Patience, grasshopper. Have we ever let you down? In the meantime, have some of that mulled wine. You know, for quality-control purposes.
December 6, 2015
Tonight is the first night of Hanukkah, an eight-day commemoration of a miracle that, according to tradition, occurred in about 160 B.C. Enemies vanquished (for the moment), the Israelites turned their attention to the Temple, which had been defiled by the bad guys. An important element of the Temple was the “eternal light,” a lamp that burned sacred oil and was never permitted to go out. The baddies, of course, had put it out, and when the Jews re-lit the lamp, they discovered they had only one day’s worth of oil. Sanctification doesn’t happen overnight, and acquiring a fresh supply of sacred oil would require eight days. Miraculously, that single day’s supply of oil lasted for the necessary eight, and today Jews around the world celebrate the “festival of lights” by lighting special candles (because: eternal light) and eating fried things (because: oil) (also because: delicious).
From a religious standpoint, Hanukkah is actually a fairly minor holiday, but its association with both glittering lights and special foods, combined with its tendency to be celebrated in December, has framed it, in the popular imagination, as the “Jewish Christmas.” As a result, for the past 100 years or so, the Hanukkah celebration (in the USA at least) has featured not only sparkly candles and delicious fried things, but also presents, making it pretty much a trifecta of terrific. And just to gild the lily (and give Jewish kids something to brag about to their gentile friends), custom dictates that presents are given on every single one of the celebratory eight days.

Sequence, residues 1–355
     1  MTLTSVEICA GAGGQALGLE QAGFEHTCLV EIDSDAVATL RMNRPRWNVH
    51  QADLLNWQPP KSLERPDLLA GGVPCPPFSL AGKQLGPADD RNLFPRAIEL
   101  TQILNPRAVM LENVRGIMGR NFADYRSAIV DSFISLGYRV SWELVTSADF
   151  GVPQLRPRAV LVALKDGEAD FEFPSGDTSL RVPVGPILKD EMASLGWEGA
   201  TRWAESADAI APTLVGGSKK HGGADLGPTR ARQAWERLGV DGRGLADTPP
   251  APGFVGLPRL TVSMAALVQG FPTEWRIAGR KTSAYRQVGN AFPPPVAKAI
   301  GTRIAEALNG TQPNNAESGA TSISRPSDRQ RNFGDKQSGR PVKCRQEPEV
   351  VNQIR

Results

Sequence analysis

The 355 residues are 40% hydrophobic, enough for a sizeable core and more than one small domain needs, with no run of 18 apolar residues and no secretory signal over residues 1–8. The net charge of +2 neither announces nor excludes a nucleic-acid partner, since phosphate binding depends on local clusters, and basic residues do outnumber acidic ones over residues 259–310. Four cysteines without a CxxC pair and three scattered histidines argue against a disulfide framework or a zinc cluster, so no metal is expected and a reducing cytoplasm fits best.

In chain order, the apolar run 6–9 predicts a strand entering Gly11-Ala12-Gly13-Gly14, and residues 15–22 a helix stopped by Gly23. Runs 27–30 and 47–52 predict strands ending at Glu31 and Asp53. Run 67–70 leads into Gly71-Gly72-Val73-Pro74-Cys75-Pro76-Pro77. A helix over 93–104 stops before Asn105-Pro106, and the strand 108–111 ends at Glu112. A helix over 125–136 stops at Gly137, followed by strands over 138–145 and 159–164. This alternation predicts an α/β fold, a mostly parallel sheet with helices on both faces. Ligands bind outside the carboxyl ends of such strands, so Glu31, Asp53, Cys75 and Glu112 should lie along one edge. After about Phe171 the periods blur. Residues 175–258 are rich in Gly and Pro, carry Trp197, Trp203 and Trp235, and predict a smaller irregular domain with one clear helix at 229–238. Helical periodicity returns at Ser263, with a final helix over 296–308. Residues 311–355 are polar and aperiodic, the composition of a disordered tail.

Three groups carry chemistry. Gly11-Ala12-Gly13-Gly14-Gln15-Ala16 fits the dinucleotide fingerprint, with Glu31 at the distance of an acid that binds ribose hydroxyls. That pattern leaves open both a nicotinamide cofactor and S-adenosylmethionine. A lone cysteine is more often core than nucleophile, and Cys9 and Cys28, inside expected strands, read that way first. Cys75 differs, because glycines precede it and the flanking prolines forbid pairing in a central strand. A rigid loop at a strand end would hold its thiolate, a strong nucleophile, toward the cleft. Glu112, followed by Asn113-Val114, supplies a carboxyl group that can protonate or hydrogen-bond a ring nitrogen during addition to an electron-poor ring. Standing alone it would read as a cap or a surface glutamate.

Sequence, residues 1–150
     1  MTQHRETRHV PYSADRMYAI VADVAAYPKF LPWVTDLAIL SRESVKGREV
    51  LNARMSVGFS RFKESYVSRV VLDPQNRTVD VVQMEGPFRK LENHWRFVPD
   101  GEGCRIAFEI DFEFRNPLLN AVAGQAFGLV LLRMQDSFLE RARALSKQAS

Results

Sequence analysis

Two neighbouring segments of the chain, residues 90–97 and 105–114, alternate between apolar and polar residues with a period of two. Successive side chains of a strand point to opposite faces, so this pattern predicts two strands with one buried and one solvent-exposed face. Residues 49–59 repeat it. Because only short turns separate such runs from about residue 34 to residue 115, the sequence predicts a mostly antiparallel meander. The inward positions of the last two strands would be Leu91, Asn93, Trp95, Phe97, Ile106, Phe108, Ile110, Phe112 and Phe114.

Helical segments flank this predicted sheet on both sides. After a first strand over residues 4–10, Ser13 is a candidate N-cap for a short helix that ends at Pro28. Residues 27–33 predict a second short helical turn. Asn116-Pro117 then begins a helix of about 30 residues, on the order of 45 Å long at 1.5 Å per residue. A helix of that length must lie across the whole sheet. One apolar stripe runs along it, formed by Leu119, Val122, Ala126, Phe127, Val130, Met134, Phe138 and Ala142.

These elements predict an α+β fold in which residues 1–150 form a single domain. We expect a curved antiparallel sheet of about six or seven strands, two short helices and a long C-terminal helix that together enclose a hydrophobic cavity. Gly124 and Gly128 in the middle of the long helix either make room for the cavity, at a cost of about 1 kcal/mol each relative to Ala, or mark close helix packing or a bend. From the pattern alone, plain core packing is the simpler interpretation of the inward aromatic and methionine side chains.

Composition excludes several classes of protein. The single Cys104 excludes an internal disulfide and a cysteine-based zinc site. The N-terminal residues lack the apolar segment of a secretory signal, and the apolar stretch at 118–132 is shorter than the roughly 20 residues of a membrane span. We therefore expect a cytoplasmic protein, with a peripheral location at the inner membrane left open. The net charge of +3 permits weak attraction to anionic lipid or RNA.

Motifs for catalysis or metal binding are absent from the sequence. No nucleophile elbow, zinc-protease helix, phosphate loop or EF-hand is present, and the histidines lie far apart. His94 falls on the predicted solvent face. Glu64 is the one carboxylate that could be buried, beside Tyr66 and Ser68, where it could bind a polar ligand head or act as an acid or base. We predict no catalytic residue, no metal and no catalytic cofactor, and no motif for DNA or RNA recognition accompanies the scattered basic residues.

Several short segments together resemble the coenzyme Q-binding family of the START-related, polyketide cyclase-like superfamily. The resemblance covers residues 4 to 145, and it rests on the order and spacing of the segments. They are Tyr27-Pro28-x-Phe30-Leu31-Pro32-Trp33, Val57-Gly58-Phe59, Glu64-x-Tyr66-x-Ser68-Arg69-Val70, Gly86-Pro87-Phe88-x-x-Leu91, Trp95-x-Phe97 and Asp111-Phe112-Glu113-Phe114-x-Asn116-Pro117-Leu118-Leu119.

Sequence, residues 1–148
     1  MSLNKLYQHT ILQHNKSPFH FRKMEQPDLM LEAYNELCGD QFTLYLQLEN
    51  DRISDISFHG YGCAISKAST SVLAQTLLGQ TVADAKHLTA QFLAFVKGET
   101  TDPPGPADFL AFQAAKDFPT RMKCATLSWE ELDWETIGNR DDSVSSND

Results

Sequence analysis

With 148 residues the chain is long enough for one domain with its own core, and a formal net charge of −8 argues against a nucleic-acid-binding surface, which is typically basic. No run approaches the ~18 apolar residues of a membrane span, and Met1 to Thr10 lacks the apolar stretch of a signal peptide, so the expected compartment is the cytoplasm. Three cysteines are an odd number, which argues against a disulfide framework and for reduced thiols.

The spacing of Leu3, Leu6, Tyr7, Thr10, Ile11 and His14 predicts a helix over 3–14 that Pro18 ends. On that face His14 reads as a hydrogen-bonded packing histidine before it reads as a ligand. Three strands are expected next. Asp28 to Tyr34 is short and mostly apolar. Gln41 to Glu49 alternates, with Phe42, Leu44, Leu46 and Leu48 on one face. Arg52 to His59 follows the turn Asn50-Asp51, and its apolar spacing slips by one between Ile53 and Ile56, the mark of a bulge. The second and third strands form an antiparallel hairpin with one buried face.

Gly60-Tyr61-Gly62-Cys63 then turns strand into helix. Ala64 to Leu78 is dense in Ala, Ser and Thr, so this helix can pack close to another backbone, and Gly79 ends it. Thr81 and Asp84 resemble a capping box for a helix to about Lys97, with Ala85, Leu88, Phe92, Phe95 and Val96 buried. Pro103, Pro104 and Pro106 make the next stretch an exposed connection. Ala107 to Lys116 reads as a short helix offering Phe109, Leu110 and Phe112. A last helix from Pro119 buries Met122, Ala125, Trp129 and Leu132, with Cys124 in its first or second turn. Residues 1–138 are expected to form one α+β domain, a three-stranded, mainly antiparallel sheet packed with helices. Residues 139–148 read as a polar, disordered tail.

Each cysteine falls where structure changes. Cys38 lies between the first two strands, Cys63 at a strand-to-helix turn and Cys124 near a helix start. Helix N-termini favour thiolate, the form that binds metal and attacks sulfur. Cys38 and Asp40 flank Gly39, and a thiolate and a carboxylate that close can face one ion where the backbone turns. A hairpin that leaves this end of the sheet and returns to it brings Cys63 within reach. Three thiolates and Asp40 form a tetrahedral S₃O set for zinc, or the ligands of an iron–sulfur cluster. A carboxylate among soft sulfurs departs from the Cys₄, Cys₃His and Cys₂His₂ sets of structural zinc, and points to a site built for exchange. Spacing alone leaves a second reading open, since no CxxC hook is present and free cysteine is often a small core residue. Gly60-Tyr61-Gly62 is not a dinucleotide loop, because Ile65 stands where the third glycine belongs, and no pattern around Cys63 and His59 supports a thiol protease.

Eight days of presents AND potato pancakes! It’s difficult to imagine a better combination. And yet, for me, the most important part of Hanukkah is the candles. It’s not because I’m particularly religious – though hey, thumbs up for the eternal light of faith, mercy, truth, whatever you’d like it to embody – but because I need light to read. The one-day lamp that burned for eight days? I’m all for the rededication of the Temple, but the really critical part? EIGHT DAYS’ WORTH OF READING.
Of course, reading has two requirements. We’ve already covered light; here are the books. For the eight days of Hanukkah, we’ll be running some especially tasty discounts on some of our favorite books. Get with tradition (albeit a fairly recent one) and give the books as presents, or give’em to your own self. Just don’t dribble them up with pancake greasies. Check in daily to see the featured title.